• Connect Four

 

Minimax again should get this to play fairly well. It has been solved (i.e. computer algorithm exists which plays perfectly) recently

 

EDIT: I think the standard board size has been solved but larger boards still remain open research

 

  • Battleship

This is more about distributing your shots to find all the ships in the most optimal way but I suspect for every strategy there may be a counter strategy for ship placement...

 

  • Checkers

Easier than chess and harder than Connect 4, same sort of principles (i.e. minimax based) apply. I think this was solved fairly recently as well...

Edited by Paradigm Shifter
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They're easy for a beginner in the sense that UI-wise they can be done in a pretty simple way, you don't even have a timer to cope with (actions aren't in real time, it's entirely turn-based). The AI is a completely different situation, though you can always avert that by forcing only humans to play =P The rules of board games are also complex, but at least they're very well defined (they need to be interpreted by humans, after all!) so ultimately they're more of a time sink than actually being hard to implement. You don't even need to do it in a very optimal way given it's all turn based (no framerate to worry about).

 

For AI on board games the most common trick is to assign points to each possible thing that can happen, then try all possible moves and see which one has the best score (then do that). To make the AI harder you can try several turns ahead, but then the computation time can explode exponentially so maybe as a beginner you may want to avoid considering that one.

 

Tic-Tac-Toe has so few possible combinations you can just brute-force the way through it...

 

EDIT: by the way, there's an old DOS game called Tetris Deluxe that does exactly the same thing as I mentioned for board games. Even when you take into account the next piece it amounts to a total of 81 possible moves, and the "AI" can end up doing some surprisingly smart moves a human player would initially consider stupid. So yeah, that method works on Tetris too. It's pretty fast, consider that game was made on a 4.77MHz 8088 =P

Edited by Sik_the_hedgehog
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I think programming any games is not an easy task.  Even the seemingly simple games like Tic-Tac-Toe require some effort to make it work as expected.  However, that is the whole point of the exercise, is to create something that seems simple and realize how much work is actually needed.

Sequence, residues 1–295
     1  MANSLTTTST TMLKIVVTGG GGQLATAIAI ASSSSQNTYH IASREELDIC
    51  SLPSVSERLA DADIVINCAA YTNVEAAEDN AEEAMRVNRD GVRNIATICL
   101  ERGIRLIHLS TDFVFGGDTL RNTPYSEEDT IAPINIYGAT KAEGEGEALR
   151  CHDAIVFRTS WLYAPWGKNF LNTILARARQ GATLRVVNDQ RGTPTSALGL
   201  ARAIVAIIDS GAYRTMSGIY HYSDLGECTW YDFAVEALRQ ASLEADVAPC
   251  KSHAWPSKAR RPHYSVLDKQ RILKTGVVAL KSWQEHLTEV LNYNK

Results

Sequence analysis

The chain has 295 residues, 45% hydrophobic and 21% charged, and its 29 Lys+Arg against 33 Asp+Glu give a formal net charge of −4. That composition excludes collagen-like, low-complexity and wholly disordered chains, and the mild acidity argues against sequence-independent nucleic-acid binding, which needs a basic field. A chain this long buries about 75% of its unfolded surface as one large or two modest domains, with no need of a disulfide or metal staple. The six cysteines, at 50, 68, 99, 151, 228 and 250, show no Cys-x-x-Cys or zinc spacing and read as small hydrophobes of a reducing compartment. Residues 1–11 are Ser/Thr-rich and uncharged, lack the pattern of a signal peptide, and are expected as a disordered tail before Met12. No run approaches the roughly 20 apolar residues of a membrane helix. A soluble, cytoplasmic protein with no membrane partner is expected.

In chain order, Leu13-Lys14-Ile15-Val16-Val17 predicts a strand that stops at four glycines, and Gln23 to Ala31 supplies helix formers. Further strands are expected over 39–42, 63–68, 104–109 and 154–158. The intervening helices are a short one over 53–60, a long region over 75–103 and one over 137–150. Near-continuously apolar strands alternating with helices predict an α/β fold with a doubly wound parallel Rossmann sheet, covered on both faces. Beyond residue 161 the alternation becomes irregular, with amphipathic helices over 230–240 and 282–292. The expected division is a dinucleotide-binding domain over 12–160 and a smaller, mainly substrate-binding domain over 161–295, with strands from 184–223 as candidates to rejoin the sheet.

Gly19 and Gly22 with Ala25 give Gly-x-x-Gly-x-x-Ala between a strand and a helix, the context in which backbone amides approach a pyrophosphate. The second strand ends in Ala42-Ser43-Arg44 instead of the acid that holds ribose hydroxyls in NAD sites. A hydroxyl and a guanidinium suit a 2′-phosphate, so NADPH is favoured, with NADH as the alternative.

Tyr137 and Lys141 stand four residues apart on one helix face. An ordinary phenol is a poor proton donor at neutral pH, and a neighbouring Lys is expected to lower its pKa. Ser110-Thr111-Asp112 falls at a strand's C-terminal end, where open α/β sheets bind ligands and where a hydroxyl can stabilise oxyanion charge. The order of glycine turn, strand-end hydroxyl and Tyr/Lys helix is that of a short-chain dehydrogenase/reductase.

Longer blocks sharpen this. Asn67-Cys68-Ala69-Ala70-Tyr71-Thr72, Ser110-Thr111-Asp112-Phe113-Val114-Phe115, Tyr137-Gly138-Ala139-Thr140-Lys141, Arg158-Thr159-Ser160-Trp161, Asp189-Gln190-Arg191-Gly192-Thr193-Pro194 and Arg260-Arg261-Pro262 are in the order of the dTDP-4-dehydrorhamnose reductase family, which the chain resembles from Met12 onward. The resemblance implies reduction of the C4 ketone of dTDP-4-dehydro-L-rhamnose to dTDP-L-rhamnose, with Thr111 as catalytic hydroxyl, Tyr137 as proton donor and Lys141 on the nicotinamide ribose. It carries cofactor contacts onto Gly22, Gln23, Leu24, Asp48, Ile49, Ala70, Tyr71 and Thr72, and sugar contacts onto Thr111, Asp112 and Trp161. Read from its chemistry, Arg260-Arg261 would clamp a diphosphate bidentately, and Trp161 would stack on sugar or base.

It'd make any beginners rethink their MMORPG dream.

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I think to write machine players for these games from easiest to implement to hardest would be:

 

 

  • Tic-Tac-Toe: beginner. Tic-tac-toe is easy because perfect play can be expressed as a list of rules that would be relatively straight-forward to implement in a function. See here.
  • Hangman : beginner. You need to implement a dictionary as a data structure that can be searched with wild cards, basically. A beginner could do this by doing the naive linear time search, building a set of all possible matches, picking a word at random from this set, and picking a letter that hasn't been played yet at random from this word.
  • Battleship: intermediate. Wouldn't be entirely trivial to implement a good machine player, I think, although not sure I remember how you play battleship so am not sure.
  • Connect Four: advanced. This is the easiest of the games listed for which you would want to implement the alpha beta algorithm, but realistically doing this at all competently is advanced in my opinion; others may find this conservative.
  • Checkers: advanced. 
  • Chess: expert.
  • Go: expert. 

But basically writing machine players for any of these besides Tic-Tac-Toe would not be a good project for a total beginner.

Edited by jwezorek
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Implementing a tic tac toe AI with an expert (i.e. rules based) system is no use for learning though, you want to use it to learn about minimax and related algorithms, which you can then use as a platform to move onto reversi, connect4, checkers, chess, etc.

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please rank these games on programming difficulty level ... Or another way of putting it, the AI for these games seem far more complex than SMB. But again, I'm guessing and don't really know.

Assuming SMB = Super Mario Bros, the original doesn't have much for AI.

SMB scripts for AI are pretty simple:
Buzzy Beetle, Goomba, Green Koopa Troopa and Paratroopa, and Spiny: move left until you hit an obstacle, then walk right until you hit an obstacle.
Red Koopa Troopa and Paratroopa: Move left/right or up/down within two points.
Spiny Egg: Fall
Podobo (fireball) and flying Cheep Cheep: arc
Bullet Bill, swimming Cheep Cheep: Straight line
Firebar: Spin
Piranha Plant and Bill Blaster: Timer with minimum distance

The remaining characters (blooper, hammer bro, lakitu, and Bowser) all have a slighly more involved AI, but these are all in the beginner or intermediate level.



On to my view of the sorted list:

* Hangman: beginner. Sometimes used in schools for string manipulation.
* Tic-Tac-Toe: Game logic: beginner. AI: intermediate. The AI is frequently used in schools.
* Connect Four: Game logic: beginner/intermediate.  AI: Advanced
* Checkers: Game logic: Intermediate.  AI: Advanced/expert. A proper AI needs to rank risk vs rewards and use the logic of forced choice, but a simple AI can use minimax.